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Conroe Sits on the Banks of Sparkling Lake Conroe Outside of Houston and Has Wooded Neighborhoods, a Nice Downtown and a Country Vibe
On the shores of 22,000-acre Lake Conroe 40 miles north of Houston in southeastern Texas, Conroe started out in the 1880s as a lumber mill town and later became an oil producing center. In the 1930s, it claimed more millionaires than any other metropolis in the country.
This is a fast-growing place, with an influx of Houston families and professionals seeking a relatively reasonably priced, down to earth place to live. While the city is primarily an exurb bedroom community, it has managed to hold onto its small town way of life. The county rodeo is still held here, and the hot rods swap meet is a popular event. The downtown is lined with red brick buildings that house wineries, breweries, galleries, the Owen Theatre, the Heritage Museum of Montgomery, the Lonestar Monument and the Crighton, a renovated Vaudevillian theater. The Conroe Art League has a gallery and workshops, and the city hosts a summer concert series, a food truck Feast of Artisans and the Young Texas Artists Music Competition.
Lone Star Community College's Academy of Lifelong Learning has a good menu of free and low cost classes for people age 50 or better. The Woodlands Mall, just 10 miles to the south, has national retailers and restaurants.
Conroe also manages a long list of parks, outdoor venues, golf courses, swimming pools, and trails. The Sam Houston National Forest and the W. Goodrich Jones State Forest are within minutes. Lake Conroe is dotted with marinas, eateries and public boat ramps.
Neighborhoods are leafy with ranch ramblers, Cape Cods, Craftsmans, bungalows and others.
Population: 95,000 (city proper)
Age 45 or Better: 34%
Cost of Living: 17% below the national average
Median Home Price: $325,000
Climate: Summer temperatures in the 80s, 90s and low-100s. Winter temperatures dip into the 40s and 50s. On average, Conroe receives 50 inches of rain per year.
At Least One Hospital Accepts Medicare Patients? Yes
At Least One Hospital Accredited by Joint Commission? Yes
Public Transit: No
Crime Rate: Meets the national average
Public Library: Yes
Political Leanings: Conservative
College Educated: 32%
Is Texas Considered Tax Friendly for Retirement? Yes
Cons: The tornado risk is 65% above the national average.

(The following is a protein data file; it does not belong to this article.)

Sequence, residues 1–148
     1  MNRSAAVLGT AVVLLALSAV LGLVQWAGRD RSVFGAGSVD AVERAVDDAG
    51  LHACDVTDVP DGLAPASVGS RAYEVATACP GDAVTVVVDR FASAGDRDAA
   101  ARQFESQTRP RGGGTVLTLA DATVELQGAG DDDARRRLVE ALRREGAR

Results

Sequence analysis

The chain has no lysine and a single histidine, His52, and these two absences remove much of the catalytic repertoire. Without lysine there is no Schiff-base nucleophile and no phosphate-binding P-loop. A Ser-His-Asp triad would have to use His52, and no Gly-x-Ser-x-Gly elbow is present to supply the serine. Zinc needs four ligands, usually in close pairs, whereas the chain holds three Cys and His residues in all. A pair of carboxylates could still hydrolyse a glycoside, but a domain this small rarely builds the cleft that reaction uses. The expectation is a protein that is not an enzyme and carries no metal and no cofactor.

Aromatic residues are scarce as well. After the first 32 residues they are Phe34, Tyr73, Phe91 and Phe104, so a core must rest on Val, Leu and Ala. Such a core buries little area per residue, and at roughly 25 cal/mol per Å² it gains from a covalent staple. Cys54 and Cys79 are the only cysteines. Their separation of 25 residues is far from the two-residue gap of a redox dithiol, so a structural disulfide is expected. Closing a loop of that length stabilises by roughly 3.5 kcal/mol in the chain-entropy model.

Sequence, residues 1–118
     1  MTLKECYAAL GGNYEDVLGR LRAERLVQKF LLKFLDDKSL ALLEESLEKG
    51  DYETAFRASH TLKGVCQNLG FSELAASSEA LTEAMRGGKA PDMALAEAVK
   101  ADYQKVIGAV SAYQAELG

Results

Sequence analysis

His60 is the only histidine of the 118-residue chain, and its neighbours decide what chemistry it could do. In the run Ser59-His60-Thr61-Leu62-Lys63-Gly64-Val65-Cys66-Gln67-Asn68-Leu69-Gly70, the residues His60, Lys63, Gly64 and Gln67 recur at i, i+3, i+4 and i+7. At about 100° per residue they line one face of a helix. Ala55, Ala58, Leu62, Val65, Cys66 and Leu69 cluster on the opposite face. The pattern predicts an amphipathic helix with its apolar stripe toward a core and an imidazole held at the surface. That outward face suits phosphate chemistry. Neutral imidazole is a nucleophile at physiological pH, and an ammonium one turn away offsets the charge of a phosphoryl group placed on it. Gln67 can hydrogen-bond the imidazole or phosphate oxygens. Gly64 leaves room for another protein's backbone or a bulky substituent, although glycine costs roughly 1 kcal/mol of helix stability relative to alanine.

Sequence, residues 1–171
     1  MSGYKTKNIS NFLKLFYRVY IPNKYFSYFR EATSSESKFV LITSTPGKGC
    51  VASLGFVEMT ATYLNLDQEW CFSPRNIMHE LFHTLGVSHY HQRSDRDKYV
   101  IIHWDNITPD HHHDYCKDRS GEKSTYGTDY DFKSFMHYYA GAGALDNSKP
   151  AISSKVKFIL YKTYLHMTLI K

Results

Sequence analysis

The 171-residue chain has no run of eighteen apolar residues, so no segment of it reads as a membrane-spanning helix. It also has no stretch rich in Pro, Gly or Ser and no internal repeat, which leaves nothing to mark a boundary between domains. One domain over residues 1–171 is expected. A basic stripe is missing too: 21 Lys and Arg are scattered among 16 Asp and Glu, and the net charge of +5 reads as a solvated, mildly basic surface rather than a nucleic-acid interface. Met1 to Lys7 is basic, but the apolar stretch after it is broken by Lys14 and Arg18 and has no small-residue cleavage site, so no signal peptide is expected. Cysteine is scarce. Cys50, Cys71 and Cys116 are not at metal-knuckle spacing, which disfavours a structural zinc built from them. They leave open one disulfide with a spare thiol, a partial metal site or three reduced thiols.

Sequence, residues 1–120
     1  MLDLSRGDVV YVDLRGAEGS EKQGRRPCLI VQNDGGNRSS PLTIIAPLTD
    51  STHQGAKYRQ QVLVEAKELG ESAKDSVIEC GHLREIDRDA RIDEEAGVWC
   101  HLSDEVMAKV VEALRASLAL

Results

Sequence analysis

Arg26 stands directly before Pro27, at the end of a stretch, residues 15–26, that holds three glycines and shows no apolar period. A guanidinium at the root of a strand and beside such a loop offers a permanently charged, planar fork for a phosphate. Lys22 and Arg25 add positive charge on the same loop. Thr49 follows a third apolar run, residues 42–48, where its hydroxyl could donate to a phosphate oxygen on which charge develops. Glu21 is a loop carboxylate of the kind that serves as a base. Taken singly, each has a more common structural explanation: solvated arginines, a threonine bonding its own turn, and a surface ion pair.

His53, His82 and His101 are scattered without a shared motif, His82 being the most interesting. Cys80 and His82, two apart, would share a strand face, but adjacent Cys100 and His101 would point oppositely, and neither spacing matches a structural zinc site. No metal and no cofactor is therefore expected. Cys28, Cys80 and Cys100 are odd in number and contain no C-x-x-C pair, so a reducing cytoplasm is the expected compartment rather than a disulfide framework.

Notes: A real estate dollar goes a long way here. Interstate 45 runs through the city, providing somewhat congested access to Houston. Home prices have increased 2% since last year. The population has grown 25% during the last 10 years. In fact, between in 2015 and 2016, Conroe was one the fastest growing cities in the U.S. Not all long-time locals are happy with the rapid expansion.
Recommended as a Retirement Spot? Yes
With a name based on a word used by Caddo Indians meaning "friends," Texas is the second biggest state in the United States. It is estimated that 70% of population lives within 200 miles of Austin- the capital of Texas.
Houston is the largest city in Texas, while Dallas-Fort Worth is the largest metropolitan area in the state. Connecticut and Delaware could fit inside Texas' largest county - Brewster.
The historical people of Texas include members of the Native American tribes of Apache, Choctaw, Tonkawa and Hasinai. When Texas became the 28th state of the United States (1845), it adopted the official flag called the Lone Star Flag. Texas has a number of symbols, including the Bluebonnet - the state flower.
The land of Texas is larger than all of New York, New England and Ohio combined. Almost 10% of these lands are covered by forest. Two-thirds of the population lives in a major metropolitan area. This state had famous natives and residents such as Mary Kay Ash, George W. Bush, Tommy Lee Jones and Joan Crawford.
Texas has nearly 24,000 farms and 90 mountains a mile or more high. This state is the nation's leading producer of natural gas, oil, wool, cotton, watermelons and rice. It also has the most airports of any state in the nation and is one of the most business-friendly states. Its culture comes from a blend of Southern, Southwestern (Mexican) and Western influences.
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